New Model of the Universe Does Away With Dark Matter

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A new model of the Universe suggests that modifying Newton’s theory of gravity could do away with the need for dark matter. The model instead relies on an as-of-yet undiscovered form of gravity to explain some of the observations attributed to this mysterious substance.

The findings could explain the characteristics displayed by a form of radiation called the Cosmic Microwave Background (CMB) that permeates the entire Universe and is a leftover from its earliest moments, without the need for dark matter to exist.

A paper detailing the research authored by Czech Academy of Sciences researchers Constantinos Skordis and Tom Zlosnik is published in the journal Physical Review Letters.

“The advantage of the new model is it is able to fit the large-scale cosmological data, like the cosmic microwave background, which other modified gravity models before it, were not able to do,” Skordis told Newsweek.

Currently, astronomers use dark matter to explain phenomena observed in space that cannot be explained by the measured quantities of “normal” everyday matter that exists in galaxies.

For example, at the rate galaxies rotate, the gravitational influence of the stars and other visible matter in galaxies shouldn’t be enough to prevent them from flying apart. This leads to the need for a form of matter we can’t see providing a gravitational influence that’s literally holding the galaxies together.

Because we can’t see this matter, that leads to the conclusion that it doesn’t react with light like the matter that comprises stars, cosmic gas and dust, planets, and us. Hence the name dark matter.

As we haven’t yet directly detected dark matter, and have only measured its influence, some researchers speculate it may not exist at all and instead, suggest that our ideas of gravity could be incorrect.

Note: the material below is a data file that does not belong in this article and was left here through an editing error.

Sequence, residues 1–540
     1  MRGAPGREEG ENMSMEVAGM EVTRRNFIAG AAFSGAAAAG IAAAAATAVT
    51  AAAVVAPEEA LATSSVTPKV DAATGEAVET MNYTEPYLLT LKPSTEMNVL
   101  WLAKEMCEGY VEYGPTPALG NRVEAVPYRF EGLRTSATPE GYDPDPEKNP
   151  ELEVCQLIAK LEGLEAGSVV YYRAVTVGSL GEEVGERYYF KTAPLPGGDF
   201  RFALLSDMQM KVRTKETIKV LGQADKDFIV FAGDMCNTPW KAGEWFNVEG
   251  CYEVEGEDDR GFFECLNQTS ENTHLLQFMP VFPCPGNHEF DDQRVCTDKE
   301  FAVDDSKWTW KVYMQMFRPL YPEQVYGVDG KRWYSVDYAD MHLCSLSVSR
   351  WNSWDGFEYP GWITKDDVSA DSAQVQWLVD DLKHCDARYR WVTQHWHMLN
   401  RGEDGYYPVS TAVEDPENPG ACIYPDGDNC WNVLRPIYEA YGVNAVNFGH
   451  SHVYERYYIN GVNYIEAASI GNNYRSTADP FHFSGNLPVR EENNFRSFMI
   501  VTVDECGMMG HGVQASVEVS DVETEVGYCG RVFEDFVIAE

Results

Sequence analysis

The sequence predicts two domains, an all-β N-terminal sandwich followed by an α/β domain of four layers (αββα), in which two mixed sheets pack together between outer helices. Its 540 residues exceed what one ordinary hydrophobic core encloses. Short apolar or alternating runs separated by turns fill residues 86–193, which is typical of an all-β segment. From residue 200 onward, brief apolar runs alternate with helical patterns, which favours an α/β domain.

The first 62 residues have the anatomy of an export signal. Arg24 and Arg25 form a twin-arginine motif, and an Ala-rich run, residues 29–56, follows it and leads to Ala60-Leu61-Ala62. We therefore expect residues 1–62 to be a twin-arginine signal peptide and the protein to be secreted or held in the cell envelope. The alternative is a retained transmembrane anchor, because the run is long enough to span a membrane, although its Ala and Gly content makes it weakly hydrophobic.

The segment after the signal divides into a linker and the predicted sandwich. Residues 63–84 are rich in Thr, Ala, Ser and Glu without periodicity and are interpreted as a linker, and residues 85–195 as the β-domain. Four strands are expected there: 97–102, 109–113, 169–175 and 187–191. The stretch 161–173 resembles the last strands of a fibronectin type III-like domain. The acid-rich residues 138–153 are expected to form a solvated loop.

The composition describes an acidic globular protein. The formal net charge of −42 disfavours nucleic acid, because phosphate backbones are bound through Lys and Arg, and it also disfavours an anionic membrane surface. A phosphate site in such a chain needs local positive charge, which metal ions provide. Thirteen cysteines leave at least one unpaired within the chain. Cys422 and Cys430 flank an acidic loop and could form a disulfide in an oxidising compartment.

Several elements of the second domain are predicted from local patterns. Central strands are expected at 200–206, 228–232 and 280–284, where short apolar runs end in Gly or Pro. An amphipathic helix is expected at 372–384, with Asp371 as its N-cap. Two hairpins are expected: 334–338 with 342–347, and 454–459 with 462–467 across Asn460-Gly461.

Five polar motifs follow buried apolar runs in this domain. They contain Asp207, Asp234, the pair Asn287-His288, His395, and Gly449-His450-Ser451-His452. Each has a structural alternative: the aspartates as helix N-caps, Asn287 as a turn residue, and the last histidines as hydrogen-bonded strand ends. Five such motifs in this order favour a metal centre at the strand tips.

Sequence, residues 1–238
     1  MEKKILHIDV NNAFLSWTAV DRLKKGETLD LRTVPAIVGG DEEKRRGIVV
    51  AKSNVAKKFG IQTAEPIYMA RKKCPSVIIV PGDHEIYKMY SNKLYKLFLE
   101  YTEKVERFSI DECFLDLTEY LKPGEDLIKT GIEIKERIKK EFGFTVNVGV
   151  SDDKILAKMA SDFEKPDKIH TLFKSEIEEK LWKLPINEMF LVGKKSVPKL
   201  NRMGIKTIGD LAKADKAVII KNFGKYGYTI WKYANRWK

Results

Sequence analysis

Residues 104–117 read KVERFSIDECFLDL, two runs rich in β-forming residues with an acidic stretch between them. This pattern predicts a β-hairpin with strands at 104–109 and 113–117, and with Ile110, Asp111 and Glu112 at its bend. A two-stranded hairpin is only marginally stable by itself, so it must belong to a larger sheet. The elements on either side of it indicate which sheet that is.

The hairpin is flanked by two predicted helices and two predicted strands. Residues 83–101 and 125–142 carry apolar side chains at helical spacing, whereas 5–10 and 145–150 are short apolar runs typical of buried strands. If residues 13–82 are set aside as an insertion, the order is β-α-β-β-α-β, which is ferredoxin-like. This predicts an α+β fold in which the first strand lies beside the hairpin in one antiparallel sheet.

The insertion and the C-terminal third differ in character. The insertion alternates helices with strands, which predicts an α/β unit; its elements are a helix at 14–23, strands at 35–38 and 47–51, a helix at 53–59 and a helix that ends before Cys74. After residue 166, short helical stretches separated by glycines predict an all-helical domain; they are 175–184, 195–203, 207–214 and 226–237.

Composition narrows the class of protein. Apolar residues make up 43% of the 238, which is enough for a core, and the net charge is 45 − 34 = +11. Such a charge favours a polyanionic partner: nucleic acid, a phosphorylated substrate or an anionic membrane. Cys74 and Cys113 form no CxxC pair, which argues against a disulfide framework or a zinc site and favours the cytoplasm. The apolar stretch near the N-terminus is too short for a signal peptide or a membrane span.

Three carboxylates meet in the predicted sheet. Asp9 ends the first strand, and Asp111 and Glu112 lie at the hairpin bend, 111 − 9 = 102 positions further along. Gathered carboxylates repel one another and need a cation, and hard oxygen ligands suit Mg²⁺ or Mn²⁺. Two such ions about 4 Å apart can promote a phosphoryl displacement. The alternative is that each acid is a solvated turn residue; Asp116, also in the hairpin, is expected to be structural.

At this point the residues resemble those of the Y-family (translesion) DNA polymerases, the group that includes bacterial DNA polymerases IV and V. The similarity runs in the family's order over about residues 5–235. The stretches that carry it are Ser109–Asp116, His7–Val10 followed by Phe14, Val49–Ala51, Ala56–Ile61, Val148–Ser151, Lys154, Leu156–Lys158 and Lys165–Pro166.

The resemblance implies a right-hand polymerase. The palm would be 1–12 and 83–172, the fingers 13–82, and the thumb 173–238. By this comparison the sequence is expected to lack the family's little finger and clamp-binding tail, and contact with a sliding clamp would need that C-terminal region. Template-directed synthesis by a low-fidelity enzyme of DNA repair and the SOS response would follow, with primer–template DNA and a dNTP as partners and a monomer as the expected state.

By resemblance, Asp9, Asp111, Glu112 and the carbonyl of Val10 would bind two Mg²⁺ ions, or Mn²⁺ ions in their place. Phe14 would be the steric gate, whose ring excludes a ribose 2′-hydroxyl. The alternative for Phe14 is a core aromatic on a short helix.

This leads to the creation of MOdified theories of Newtonian Dynamics, or MOND, theories that revise our concept of gravity to explain the observed effects of dark matter without the need for this mysterious substance.

The problem is that while MOND models in the past have had some success explaining how galaxies hold together and other characteristics of the Universe attributed to dark matter, they have struggled to explain features seen in radiation left over from the earliest moments in the Universe’s history.

The CMB was created as the infant Universe expanded and cooled to the point that light was allowed to freely travel through it.

This is known as “the last scattering” and is defined as the moment the Universe went from opaque to transparent. It marks the last moment at which photons, the fundamental particles of light, and other particles, were at the same temperature.

As it is found almost evenly throughout the Universe, the CMB is part of the large-scale structure that other MOND models have failed to explain.

The theory suggested by Skordis and Zlosnik takes an idea common to many MOND models, the idea that gravity is actually created by two fields rather than one.

One of these fields, the authors suggest, has one value at every point, like temperature does. The other takes two values at every point, much like a traveling car has velocity and direction.

They then added parameters to this two-field gravity model that suggest gravity fields in the early universe that mimic the characteristics attributed to dark matter. The duo then watched their model evolve over time seeing gravity change into a force that is similar to that described in other MOND models. A force that can explain the distribution of the CMB.

The next step in the testing of the model could be pitting it against phenomena that exist in the Universe that dark matter models have struggled to explain.

The team may have a long way to go before their MOND model convinces researchers to abandon dark matter altogether. Skordis himself points out he won’t be stopping work on dark matter theories in favor of MONDs just yet.

“I work with MONDs and dark matter models, so I’m not taking sides,” he concluded. “Anything that can advance our understanding of the Universe is interesting.”